Hosea L. Martin, Piedmont

The most important paragraphs in all of American literature
Having just completed reading Huck with my students (an AP/Junior English class at Encinal High School in Alameda), I thought I'd share with you how I approach the story and what parts most interest me. First of all, your piece was interesting in how it brought together many of the elements of Huck that make it so fascinating.

Over the years, my students have come to the conclusion that Huck is a wonderful mess of a novel. They groan and complain during the whole section when the duke and king are on board the raft, and react with near-violence when Tom shows up with his plans on how to free Jim. Why? They like Huck and Jim, just the two of them, on the raft floating down the river. Huck's voice is gentle then, and beautifully descriptive, as he narrates the bliss of the frontier.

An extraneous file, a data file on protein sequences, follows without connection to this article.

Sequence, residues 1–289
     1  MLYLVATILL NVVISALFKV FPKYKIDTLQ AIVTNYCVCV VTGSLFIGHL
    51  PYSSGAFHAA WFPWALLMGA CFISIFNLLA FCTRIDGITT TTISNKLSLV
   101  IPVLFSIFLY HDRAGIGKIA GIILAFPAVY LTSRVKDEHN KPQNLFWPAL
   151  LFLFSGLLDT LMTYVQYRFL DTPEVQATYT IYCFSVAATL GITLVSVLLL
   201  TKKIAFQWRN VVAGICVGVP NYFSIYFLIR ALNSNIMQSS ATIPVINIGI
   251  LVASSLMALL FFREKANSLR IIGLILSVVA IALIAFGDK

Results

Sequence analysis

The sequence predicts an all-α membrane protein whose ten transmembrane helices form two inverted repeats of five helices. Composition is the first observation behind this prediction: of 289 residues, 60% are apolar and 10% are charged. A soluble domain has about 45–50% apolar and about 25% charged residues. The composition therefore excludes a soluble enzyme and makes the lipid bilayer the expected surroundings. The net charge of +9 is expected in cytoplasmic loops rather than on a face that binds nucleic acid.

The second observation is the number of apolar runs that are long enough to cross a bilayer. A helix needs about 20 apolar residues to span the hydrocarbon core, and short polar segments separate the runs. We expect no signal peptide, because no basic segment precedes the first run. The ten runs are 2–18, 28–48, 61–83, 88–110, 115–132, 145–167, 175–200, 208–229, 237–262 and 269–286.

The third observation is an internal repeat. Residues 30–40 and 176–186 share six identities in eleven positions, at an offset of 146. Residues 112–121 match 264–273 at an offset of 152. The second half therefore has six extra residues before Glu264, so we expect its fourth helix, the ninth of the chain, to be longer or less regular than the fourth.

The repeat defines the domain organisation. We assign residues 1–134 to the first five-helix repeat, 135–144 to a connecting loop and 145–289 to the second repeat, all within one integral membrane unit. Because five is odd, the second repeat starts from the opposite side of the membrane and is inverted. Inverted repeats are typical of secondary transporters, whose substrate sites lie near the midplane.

For me, as a reader and teacher, it is an earlier scene that I focus on to reveal what I think is the power of the novel. It is, I argue, the most important set of paragraphs in all American literature (forgive the hyperbole). Huck and Jim get lost in the fog, and when they reunite, Huck teases Jim into thinking it was all a dream. Jim then sets aside Huck's version, and scolds the boy for treating him like "trash." Huck then takes an amazing step -- he goes to Jim and apologizes and says he will never again treat him in a way that will be so hurtful. I share with my students the power of this scene by noting two things -- that for a moment Jim is willing to set aside his own sensory experiences and view of reality (that it was not a dream) and accept Huck's view because, as he says later, Huck is white. If nowhere else, here is where a modern reader can get a real sense of the damage of slavery -- that a fully grown man is compelled to subjugate himself for a white boy. The other element is Huck's willingness to apologize, something he was unwilling to do when he caused a snake to bite Jim. Linked up to Huck and Tom's teasing of Jim in the very beginning, we see a progression of growth and recognition of Jim's humanity. For us the reader we come to see, as Huck does, that Jim is far more than three-fifths human.